The investigator reviewed the resident’s Clinical Record, and the Nursing Progress Notes that revealed that the “staff had been applying [mitten restraints] to both of the resident’s hands, per physician’s orders.” Additional nursing progress notes revealed the resident’s medical condition and stated that the staff “suctioned the resident’s trach, that medications were administered through a PEG tube (feeding tube) the resident’s suprapubic catheter was draining urine, and that the resident’s mitten gloves were removed to assess skin then reapplied.”
Subsequent nursing progress notes “revealed no documentation regarding specifically what the resident was doing (what, if any behaviors other than the resident’s norm) to warrant the staff’s application of risk restraints.” The investigator also noted that there was “no documentation of what alternative measures were attempted [before] implementation of the soft wrist restraints.”
The investigators further reviewed the nursing progress notes that revealed that the resident was observed “to be a little drowsy and that the soft wrist restraints were still in place.” The resident’s “physician discontinued the use of bilateral soft wrist restraints and to reinitiate bilateral mitten gloves.” However, the clinical record did not reveal any “documentation to support the application of bilateral soft wrist physical restraints to the resident” between a specific time frame.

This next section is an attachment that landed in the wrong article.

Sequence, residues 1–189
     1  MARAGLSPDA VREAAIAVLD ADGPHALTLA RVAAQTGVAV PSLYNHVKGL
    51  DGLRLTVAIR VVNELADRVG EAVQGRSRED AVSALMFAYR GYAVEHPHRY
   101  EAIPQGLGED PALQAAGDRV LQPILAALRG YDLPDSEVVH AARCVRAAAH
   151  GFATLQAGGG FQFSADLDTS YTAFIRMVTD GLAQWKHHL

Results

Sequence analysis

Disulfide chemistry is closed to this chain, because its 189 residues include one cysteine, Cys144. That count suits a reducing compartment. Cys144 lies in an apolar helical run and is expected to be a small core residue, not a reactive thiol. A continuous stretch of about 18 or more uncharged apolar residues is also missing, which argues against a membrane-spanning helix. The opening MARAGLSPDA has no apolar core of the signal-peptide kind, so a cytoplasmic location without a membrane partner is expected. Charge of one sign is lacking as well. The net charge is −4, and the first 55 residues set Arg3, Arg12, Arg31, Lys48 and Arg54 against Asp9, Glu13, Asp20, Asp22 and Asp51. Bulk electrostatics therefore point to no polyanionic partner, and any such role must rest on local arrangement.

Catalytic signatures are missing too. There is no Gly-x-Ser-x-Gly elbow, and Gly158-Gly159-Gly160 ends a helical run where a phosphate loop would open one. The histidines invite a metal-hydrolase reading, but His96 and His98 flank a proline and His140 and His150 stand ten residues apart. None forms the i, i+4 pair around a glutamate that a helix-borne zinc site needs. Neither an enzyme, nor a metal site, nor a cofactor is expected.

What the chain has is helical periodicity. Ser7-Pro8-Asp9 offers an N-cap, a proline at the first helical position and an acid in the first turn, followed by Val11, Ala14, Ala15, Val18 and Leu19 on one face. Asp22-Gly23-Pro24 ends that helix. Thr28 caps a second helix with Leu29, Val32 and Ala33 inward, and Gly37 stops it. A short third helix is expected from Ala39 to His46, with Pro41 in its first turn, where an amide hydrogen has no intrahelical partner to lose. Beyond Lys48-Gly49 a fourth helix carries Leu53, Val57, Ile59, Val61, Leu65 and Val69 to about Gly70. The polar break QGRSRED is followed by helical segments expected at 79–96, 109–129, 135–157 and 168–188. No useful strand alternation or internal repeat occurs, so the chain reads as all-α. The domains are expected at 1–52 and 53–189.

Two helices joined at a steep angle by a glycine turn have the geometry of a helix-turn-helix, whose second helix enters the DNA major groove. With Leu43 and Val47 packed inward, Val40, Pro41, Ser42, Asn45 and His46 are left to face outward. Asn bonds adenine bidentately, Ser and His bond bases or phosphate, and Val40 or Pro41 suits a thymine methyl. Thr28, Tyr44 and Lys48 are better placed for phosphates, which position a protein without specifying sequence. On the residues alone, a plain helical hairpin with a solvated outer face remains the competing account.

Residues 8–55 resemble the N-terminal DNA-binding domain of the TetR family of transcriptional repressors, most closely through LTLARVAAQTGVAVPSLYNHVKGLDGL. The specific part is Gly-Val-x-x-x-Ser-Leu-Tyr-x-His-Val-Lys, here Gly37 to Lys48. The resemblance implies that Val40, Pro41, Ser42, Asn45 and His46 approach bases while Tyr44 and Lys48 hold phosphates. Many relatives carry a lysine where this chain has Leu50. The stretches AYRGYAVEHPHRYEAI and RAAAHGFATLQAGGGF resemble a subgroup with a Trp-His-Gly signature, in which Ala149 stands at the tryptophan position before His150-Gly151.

The clinical record contained “no documentation that [the resident] had exhibited any unusual behaviors outside the resident’s norm where the bilateral wrist restraints were applied.” Additionally, “there is no indication that the resident’s behaviors had escalated or, that by their nature, posed a threat to his overall health and well-being. There was no documentation that the staff had attempted any non-physical restraint interventions [before] the application of the resident’s bilateral wrist restraints.” During an interview with the facility Director of Nurses, these problems were confirmed.
In a summary statement of deficiencies dated July 20, 2017, a state surveyor documented the facility’s failure to “ensure that one resident’s allegation of abuse/neglect was thoroughly investigated.” The state investigator reviewed the facility’s policy and procedure titled: Abuse Prevention and Reporting from 2006 that revealed in part: